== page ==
If you've watched the Supreme Court over the last several years, you may have marveled at how earnestly some of the justices have worked to render Rule 23 a dead letter. Behold:
- You have to arbitrate class claims individually. AT&T Mobility, LLC v. Concepcion, 531 U.S. 321 (2011).
- You can't use statistical methods we don't find compelling to prove class claims. Dukes v. Wal-Mart Stores, Inc., 131 S. Ct. 2541 (2011).
- No, really, you have to arbitrate class claims individually, no matter what. American Express Co. v. Italian Colors Restaurant, 133 S. Ct. 2304 (2013).
- Hey, didn't you hear what I said about not using statistical methods to prove class claims? Comcast Corp. v. Behrend, 133 S. Ct. 1426 (2013).
The Court split 5-4 in all four cases, with the same five justices in the majority (Chief Justice Roberts and Justices Alito, Kennedy, Scalia, and Thomas) and the same four justices dissenting (Justices Breyer, Ginsburg, Kagan, and Sotomayor) every time.
We exaggerate only a little
In Halliburton Co. v. Erica P. John Fund, Inc., 134 S. Ct. 2398 (2014), the Court did uphold a crucial principle in securities fraud class actions -- that class plaintiffs may take advantage of a presumption that the securities buyers relied on the defendants' failure to disclose material information. And in Erica P. John Funds, Inc. v. Halliburton, 131 S. Ct. 2179 (2011), the Court did rule that class plaintiffs need not show "loss causation" in order to establish grounds for class certification of a securities fraud case.
But both rulings related to securities law violations, which hurt rich people more than poor ones, and in the 2014 decision the Court also ruled that defendants must have the chance to show at the class certification stage that the nondisclosure didn't inflate the price of the securities.
Other kinds of class cases
Class actions involving consumer fraud (Concepcion), antitrust law violations (Behrend and Italian Colors), and short-changing workers through discriminatory practices (Dukes) didn't fare nearly so well. In each case, the little person stood against the behemoth corporation -- and got a shellacking.
Last week, the Court took another class action case that aims to benefit the regular Joe and Josephine. In Tyson Foods, Inc. v. Bouaphakeo, No. 14-1146 (U.S.), the Court will address -- big shout out to our friends at SCOTUSblog -- these questions:
(1) Whether differences among individual class members may be ignored and a class action certified under Federal Rule of Civil Procedure 23(b)(3), or a collective action certified under the Fair Labor Standards Act, where liability and damages will be determined with statistical techniques that presume all class members are identical to the average observed in a sample; and (2) whether a class action may be certified or maintained under Rule 23(b)(3), or a collective action certified or maintained under the Fair Labor Standards Act, when the class contains hundreds of members who were not injured and have no legal right to any damages.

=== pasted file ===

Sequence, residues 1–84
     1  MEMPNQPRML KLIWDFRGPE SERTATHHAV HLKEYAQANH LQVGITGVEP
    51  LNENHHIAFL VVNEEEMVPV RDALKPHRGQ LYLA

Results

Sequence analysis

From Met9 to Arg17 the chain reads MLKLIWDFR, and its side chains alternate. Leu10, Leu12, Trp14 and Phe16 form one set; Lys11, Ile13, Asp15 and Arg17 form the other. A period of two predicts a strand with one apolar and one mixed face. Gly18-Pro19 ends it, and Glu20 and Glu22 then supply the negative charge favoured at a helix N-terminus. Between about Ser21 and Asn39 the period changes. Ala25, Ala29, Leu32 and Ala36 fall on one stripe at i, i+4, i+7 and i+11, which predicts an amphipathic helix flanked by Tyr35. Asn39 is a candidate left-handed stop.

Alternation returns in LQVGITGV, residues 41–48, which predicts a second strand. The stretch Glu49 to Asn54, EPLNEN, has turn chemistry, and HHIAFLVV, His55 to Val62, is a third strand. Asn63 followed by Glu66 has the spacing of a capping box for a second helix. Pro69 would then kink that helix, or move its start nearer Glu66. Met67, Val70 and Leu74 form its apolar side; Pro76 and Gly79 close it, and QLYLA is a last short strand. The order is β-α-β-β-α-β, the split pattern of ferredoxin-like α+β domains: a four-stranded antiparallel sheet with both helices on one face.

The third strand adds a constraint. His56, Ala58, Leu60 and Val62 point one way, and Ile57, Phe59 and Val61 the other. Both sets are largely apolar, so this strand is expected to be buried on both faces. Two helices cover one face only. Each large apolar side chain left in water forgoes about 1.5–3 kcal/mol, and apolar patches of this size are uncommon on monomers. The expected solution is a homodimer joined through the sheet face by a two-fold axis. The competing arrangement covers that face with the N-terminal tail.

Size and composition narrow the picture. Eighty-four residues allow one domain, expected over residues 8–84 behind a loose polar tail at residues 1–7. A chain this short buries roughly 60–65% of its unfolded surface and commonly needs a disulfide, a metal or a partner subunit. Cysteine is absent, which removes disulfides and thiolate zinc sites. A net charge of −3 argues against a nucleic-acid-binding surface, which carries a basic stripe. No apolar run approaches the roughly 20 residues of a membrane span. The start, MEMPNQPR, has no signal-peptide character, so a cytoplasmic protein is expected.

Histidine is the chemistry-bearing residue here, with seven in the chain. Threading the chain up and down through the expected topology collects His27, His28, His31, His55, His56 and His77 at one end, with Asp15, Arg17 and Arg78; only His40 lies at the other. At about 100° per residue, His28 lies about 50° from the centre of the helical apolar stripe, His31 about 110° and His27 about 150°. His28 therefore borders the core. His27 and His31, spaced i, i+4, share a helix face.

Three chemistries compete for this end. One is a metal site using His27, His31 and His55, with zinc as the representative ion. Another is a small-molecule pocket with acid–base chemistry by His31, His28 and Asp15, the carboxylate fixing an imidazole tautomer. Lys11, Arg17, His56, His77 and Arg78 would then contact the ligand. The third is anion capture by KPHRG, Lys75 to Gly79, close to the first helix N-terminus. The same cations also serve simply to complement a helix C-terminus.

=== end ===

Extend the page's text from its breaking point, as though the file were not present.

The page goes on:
The problem, as the petitioner Tyson Foods sees it, arises from the fact that class plaintiffs used averages to show how much time Tyson didn't pay, in the aggregate, for class members' donning and doffing gear they needed to wear to work at Tyson's pork processing plant in Storm City, Iowa. Using averages, Tyson insists, means that "hundreds" of the 3,344 class members did not suffer any compensable damages.
What will happen
Employment discrimination, consumer fraud, and antitrust claims almost always pit weak economic actors against far more powerful ones. Tyson Foods has the same David v. Goliath orientation. Blawgletter -- who will sign off with our last post on June 15 to begin The Contingency on June 16 -- expects that what happened to the plaintiffs in Concepcion, Dukes, Italian Colors, and Behrend will also occur to those in Tyson Foods.
Although the Court will not state the rule this way, the Court will come close to saying that class plaintiffs must present a near-perfect statistical model if they wish to use statistics to support a finding that questions common to class members predominate over individual ones. Justices Scalia and Thomas Some justices seem to think that forcing a defendant to pay an amount equal to the total harm it caused the class should never happen if any class member did not suffer recoverable damages.
Perfection becomes the enemy of the good, in their view. Or, more likely, the enemy of what they may see as a bad thing -- defendants having to pay for 100 percent of the harm they caused.
Get ready for The Contingency
My new law blog will go live on Tuesday, June 16, 2015. Please stand by for info on how to find The Contingency, how to subscribe, and other fun facts.